Sport and war
Boys’ and men’s part in guaranteeing the future of the nation and empire gained great emphasis around the turn of the century. New Zealanders’ loyalty to queen (or king) and country was demonstrated by the eager volunteers who responded to calls for men to serve in the South African War from 1899 to 1902. Pride in the New Zealand contingents’ robust manliness was taken as a reflection of a wider national health.
The success of the 1905 All Black rugby team, the ‘Originals’, who toured England and Wales beating almost all their opponents, reinforced the same belief. The tour cemented rugby's stature as the national game. It defined the kind of men the country was particularly proud of: physically strong, modest in demeanour, competitive and victorious, men whose actions spoke louder than words.
First World War
Pride and enthusiasm for manly virtues and anticipated heroism fed the mood of patriotism surrounding news of war against Germany in August 1914. The reality of what came to be known as the Great War soon shifted the mood to one of sombre intent. Over 100,000 men – mostly young – served in New Zealand forces during 1914–18. Close to 18,000 lost their lives, many in distant battlefields. Manly service in war, in the service of the realm, was no longer a matter of heroic triumph but one of loss, tragedy and sacrifice.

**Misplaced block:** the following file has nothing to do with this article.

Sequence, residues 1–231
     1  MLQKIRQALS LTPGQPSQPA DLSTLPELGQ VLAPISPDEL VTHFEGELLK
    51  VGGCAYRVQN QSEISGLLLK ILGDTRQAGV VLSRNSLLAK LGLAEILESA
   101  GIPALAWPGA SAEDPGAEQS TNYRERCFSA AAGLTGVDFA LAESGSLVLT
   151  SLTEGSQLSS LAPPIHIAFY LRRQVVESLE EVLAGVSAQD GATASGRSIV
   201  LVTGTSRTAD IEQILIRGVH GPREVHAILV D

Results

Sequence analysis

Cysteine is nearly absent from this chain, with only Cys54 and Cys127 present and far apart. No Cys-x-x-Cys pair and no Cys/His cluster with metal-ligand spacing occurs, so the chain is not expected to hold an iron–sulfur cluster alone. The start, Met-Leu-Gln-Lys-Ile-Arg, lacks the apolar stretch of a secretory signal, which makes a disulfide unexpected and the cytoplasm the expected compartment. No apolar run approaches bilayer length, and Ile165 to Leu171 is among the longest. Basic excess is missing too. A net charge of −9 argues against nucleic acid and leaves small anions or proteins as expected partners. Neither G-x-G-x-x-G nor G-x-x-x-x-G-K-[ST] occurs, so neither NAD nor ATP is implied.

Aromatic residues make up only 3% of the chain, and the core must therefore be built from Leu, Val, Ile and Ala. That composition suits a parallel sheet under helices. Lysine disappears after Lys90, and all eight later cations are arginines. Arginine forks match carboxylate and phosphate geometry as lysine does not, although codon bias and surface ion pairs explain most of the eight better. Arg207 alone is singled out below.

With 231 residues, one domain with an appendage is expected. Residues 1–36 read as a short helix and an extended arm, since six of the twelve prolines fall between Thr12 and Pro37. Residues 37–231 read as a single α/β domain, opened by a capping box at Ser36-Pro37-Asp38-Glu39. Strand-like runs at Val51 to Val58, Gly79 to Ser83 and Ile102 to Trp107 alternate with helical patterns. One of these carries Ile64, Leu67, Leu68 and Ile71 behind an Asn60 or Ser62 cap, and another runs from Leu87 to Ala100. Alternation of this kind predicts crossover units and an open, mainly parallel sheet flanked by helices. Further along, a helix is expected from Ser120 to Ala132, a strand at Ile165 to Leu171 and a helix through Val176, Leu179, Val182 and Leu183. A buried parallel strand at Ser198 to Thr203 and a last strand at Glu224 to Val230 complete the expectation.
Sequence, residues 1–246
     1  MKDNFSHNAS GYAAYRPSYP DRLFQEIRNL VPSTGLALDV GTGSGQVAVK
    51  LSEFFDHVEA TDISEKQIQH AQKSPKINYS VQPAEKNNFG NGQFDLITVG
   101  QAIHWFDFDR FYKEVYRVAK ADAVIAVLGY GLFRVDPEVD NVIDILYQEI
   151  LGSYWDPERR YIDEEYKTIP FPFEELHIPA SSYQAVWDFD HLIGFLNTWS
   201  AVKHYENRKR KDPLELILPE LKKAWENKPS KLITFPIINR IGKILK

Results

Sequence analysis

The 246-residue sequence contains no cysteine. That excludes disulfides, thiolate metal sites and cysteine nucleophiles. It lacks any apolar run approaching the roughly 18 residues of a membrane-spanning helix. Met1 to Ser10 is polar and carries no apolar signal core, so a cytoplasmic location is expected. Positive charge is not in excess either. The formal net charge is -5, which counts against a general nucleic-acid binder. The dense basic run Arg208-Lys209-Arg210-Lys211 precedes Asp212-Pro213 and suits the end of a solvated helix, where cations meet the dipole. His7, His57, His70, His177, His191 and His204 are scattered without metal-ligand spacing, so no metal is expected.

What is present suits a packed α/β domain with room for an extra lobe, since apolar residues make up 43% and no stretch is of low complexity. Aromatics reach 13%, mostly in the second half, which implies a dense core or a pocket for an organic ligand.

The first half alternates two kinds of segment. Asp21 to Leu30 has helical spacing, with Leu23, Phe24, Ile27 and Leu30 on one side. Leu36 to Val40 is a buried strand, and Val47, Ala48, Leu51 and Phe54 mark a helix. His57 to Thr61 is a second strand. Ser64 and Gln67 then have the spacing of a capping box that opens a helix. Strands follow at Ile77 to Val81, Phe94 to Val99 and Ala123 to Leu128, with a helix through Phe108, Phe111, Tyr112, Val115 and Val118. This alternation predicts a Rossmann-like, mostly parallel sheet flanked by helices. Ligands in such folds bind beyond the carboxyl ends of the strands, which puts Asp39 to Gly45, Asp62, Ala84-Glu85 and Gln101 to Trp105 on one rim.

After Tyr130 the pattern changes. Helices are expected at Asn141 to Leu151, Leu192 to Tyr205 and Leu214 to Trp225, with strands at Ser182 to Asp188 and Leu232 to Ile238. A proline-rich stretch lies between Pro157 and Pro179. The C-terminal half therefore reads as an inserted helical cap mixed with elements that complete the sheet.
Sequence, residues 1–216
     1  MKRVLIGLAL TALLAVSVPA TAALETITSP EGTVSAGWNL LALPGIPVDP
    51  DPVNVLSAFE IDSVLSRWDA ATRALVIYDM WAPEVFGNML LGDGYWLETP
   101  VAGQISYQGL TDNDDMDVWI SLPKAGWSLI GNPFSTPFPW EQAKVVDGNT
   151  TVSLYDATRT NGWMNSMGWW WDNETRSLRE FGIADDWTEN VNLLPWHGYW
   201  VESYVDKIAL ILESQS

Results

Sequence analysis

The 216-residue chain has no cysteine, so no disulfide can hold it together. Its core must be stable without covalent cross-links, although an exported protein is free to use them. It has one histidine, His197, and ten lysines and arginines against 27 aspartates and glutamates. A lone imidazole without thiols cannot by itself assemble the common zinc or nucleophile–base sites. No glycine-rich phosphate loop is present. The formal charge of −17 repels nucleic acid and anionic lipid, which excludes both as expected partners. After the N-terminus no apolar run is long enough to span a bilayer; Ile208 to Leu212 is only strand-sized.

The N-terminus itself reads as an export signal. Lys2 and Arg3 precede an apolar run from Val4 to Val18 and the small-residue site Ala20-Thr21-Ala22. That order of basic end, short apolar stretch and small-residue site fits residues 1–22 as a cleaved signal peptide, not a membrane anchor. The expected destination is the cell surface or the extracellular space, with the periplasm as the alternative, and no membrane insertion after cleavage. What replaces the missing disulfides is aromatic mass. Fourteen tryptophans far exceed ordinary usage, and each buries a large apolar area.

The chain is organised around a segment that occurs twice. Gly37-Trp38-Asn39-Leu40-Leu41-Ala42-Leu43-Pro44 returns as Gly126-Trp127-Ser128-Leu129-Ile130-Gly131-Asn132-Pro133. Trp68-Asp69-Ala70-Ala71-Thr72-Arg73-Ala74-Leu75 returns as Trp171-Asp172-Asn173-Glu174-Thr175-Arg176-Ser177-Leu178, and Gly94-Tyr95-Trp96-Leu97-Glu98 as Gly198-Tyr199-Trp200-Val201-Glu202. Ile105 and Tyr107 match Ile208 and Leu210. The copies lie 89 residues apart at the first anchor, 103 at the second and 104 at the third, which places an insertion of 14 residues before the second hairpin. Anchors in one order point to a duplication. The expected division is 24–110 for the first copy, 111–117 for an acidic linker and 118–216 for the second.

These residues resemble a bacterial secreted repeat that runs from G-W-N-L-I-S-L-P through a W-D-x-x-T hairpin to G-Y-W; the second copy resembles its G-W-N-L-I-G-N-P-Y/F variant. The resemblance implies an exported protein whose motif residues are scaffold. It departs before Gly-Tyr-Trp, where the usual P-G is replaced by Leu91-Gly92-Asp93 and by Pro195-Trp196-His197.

Being toughened up was part of growing up for boys. They were admired for enduring the strap or cane at school without cowering or crying, not seeking comfort when hurt – a boy taking it like a man. When it was suggested that corporal punishment might be harmful, the editor of a Dunedin magazine responded, ‘Are we to raise a race of cowards … a set of hypochondriacal weaklings?’1
War service in 1914–18 (and again in 1939–45) widened the gulf between women and men. It was a time of diverging experience and sentiment. Women were called on to support the war effort at home, and to maintain normal life as far as possible. Men were called on to put their lives on the line in defence of empire and nation, creating a deep sense of sacrifice and obligation. Soldier citizenship was a powerful force in New Zealand throughout the 20th century.